1. CSV (comma separated values) is a text format often used for spreadsheet-like rectangular tables of data. JSON (JavaScript Object Notation) is a more complex format that can cope with messy data, such as nested tables and irregular-length entries, and is probably preferable for this dataset.
  2. Norwich seems to have a particularly large number of plaques on its historic buildings, compared to other towns and cities.
  3. These strings are examples of REGEX, or “regular expressions” – a standard method of working with text data on computers, although note that the normal REGEX for a word boundary is \b: I have used _ here for clarity.
  4. Not all of the 936 subjects had a musical connection – such as Caroline Herschel in the example above. Around 15% of subjects had a role that was not matched by any of the list of musical terms used to check the inscriptions (above), although several of these, on inspection, do have other musical connotations.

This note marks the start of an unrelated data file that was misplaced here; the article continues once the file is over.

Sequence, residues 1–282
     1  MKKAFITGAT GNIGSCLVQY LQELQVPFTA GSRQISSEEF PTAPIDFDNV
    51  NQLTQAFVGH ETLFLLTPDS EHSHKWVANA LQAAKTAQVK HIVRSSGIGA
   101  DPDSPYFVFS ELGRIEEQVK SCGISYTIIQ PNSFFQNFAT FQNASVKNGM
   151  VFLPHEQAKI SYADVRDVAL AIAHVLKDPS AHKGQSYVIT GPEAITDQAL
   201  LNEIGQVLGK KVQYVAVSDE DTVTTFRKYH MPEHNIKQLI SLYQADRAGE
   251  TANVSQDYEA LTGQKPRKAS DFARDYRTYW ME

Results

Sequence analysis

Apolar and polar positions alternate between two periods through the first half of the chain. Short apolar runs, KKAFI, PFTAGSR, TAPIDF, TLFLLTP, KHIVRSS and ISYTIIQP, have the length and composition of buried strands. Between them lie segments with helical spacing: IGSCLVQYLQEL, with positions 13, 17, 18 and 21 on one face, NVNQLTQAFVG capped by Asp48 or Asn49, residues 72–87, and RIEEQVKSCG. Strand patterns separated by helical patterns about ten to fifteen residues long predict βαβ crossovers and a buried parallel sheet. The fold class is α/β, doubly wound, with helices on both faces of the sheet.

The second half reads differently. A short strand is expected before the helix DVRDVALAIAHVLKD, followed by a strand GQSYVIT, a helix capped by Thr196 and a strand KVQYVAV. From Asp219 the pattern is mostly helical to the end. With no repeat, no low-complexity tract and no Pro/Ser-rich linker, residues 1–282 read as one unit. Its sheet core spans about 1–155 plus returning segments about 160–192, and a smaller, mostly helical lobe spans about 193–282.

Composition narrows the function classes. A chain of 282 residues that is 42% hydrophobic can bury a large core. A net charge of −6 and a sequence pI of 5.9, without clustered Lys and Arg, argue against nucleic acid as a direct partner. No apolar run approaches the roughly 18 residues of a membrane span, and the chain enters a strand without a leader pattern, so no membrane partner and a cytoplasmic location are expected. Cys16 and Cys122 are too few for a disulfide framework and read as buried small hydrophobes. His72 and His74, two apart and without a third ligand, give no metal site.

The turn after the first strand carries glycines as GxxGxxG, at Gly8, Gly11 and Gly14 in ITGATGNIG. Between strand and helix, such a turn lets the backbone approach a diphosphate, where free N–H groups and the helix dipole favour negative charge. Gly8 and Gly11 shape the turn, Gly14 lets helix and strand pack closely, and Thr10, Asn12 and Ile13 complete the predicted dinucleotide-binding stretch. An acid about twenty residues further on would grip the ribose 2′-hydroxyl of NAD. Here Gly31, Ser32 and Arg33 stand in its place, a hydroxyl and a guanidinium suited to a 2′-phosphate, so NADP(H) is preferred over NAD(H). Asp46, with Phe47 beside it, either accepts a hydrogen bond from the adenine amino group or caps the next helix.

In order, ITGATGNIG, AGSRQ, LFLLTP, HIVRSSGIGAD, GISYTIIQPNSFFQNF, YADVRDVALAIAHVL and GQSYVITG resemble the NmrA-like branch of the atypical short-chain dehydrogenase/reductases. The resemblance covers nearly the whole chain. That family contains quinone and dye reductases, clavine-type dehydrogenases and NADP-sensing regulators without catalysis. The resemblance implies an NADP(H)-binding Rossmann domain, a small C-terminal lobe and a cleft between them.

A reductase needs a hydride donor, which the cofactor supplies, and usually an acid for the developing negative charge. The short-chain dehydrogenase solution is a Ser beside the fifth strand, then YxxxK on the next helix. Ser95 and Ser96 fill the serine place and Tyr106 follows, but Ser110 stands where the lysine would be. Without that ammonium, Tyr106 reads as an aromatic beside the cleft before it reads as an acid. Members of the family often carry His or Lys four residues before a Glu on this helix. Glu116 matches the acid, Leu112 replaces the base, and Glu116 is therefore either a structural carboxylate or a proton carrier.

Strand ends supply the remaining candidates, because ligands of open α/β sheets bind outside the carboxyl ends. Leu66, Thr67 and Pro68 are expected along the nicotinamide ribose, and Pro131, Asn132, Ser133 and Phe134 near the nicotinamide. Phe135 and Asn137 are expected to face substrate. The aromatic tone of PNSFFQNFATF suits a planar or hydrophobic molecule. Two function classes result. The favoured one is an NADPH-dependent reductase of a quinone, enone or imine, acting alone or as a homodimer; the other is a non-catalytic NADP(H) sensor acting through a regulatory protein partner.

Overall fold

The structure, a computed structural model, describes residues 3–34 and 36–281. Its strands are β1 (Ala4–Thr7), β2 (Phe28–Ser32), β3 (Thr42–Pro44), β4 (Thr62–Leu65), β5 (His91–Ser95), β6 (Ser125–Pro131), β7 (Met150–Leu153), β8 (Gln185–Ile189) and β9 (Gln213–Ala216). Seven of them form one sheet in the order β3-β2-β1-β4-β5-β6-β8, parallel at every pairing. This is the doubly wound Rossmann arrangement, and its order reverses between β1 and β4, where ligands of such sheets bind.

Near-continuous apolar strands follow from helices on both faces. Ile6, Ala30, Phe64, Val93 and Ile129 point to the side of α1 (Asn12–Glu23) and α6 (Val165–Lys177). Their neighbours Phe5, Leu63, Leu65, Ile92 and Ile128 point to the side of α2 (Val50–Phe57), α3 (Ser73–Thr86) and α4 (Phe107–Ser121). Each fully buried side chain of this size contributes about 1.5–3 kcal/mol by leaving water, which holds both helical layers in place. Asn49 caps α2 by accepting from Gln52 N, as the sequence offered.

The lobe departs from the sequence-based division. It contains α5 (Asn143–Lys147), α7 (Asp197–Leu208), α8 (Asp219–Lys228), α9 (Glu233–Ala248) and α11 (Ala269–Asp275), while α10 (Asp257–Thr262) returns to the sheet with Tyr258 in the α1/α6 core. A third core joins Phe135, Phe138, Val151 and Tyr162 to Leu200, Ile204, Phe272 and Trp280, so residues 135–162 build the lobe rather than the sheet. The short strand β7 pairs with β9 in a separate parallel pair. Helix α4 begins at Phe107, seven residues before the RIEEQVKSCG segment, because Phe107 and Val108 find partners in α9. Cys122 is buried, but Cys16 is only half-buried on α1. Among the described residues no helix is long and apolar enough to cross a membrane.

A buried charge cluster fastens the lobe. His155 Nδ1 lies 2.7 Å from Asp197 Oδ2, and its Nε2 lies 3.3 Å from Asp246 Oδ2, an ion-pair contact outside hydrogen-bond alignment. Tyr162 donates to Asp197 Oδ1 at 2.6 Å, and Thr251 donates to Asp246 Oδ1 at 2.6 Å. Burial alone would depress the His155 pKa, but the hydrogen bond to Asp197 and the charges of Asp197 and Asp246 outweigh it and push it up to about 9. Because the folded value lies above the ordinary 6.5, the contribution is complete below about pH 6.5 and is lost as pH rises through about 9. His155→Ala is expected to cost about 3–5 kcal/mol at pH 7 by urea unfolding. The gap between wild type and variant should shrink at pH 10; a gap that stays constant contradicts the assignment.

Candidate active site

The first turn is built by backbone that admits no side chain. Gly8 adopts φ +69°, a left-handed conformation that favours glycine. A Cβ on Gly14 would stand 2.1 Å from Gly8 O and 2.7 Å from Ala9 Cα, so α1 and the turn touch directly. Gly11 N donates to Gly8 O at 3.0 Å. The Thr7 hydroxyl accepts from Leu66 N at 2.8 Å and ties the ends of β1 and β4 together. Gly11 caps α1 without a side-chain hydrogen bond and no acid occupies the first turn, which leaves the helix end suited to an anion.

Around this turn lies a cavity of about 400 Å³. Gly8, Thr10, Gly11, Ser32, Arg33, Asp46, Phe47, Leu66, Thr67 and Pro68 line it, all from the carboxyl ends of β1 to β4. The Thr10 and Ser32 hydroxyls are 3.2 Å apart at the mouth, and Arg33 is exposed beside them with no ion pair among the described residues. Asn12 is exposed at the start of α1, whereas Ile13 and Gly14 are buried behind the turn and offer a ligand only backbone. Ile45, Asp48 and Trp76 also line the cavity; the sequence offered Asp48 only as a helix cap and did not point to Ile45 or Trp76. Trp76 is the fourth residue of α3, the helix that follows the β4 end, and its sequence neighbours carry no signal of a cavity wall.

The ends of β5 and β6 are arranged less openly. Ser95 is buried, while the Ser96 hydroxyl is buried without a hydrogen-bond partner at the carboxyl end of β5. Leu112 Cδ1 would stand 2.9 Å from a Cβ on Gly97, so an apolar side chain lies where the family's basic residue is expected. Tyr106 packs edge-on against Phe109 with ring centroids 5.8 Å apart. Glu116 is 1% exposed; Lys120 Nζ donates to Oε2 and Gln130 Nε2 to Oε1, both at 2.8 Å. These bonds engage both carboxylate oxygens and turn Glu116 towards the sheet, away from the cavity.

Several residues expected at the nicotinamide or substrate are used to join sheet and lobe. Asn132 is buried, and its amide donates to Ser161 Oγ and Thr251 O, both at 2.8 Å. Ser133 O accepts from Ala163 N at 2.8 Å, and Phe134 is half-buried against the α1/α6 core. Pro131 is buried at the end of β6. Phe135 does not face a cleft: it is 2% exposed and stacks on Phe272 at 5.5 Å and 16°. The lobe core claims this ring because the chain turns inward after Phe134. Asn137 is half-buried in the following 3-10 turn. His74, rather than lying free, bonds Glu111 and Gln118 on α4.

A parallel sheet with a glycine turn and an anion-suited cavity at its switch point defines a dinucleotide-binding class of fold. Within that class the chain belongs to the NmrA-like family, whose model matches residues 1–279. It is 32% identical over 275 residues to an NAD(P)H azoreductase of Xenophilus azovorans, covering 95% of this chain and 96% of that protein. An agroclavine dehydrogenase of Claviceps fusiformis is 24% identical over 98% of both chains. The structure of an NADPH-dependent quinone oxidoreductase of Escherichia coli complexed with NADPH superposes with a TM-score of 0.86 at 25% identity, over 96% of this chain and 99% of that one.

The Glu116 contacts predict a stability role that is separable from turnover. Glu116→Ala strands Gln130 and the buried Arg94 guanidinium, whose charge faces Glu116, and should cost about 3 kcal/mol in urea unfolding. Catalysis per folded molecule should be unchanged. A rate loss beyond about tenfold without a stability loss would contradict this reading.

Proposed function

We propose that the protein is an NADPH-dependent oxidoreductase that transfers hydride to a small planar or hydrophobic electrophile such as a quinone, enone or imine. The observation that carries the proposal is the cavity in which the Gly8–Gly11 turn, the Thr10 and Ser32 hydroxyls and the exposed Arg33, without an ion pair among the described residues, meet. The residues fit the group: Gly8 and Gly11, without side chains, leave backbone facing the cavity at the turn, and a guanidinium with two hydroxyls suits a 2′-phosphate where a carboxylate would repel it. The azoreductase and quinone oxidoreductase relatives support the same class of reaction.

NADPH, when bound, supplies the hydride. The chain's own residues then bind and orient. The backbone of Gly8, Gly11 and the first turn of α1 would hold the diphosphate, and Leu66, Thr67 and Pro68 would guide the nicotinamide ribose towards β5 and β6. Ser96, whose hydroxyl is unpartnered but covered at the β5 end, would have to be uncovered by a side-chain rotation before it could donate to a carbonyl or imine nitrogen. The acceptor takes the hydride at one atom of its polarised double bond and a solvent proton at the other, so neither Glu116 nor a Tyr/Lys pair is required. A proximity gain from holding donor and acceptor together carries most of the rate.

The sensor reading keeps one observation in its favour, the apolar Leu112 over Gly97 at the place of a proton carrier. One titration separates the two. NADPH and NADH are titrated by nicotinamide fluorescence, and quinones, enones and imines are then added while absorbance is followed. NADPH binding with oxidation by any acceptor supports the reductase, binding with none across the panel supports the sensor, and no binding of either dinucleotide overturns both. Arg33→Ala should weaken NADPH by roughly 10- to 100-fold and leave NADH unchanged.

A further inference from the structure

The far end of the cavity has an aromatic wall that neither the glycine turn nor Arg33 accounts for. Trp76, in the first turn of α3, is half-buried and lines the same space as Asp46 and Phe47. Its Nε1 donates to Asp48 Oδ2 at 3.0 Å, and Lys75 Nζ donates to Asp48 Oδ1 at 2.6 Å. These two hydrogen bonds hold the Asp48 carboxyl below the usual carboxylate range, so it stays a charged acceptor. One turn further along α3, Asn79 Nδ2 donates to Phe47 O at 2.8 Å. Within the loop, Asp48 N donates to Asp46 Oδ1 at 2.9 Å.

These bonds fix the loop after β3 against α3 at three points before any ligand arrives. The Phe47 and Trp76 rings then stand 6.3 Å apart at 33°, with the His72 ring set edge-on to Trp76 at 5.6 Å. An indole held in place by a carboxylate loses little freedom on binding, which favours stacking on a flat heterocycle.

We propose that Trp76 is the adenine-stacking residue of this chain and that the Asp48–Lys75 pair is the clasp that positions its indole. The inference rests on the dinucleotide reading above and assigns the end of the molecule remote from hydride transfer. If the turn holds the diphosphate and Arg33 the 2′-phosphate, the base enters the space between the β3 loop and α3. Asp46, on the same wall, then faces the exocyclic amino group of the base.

5. If more than one role was mentioned, such as “composer and conductor” the first has been used here, on the basis that it is probably the most significant.
  6. The chart suggests that women born around the end of the twentieth century may have gained slightly relative to men from the same period. However, the numbers involved are too small for this to be statistically significant.
  7. This rather pretty base map is “watercolor” produced by Stamen Design from OpenStreetMap data – see http://maps.stamen.com/watercolor.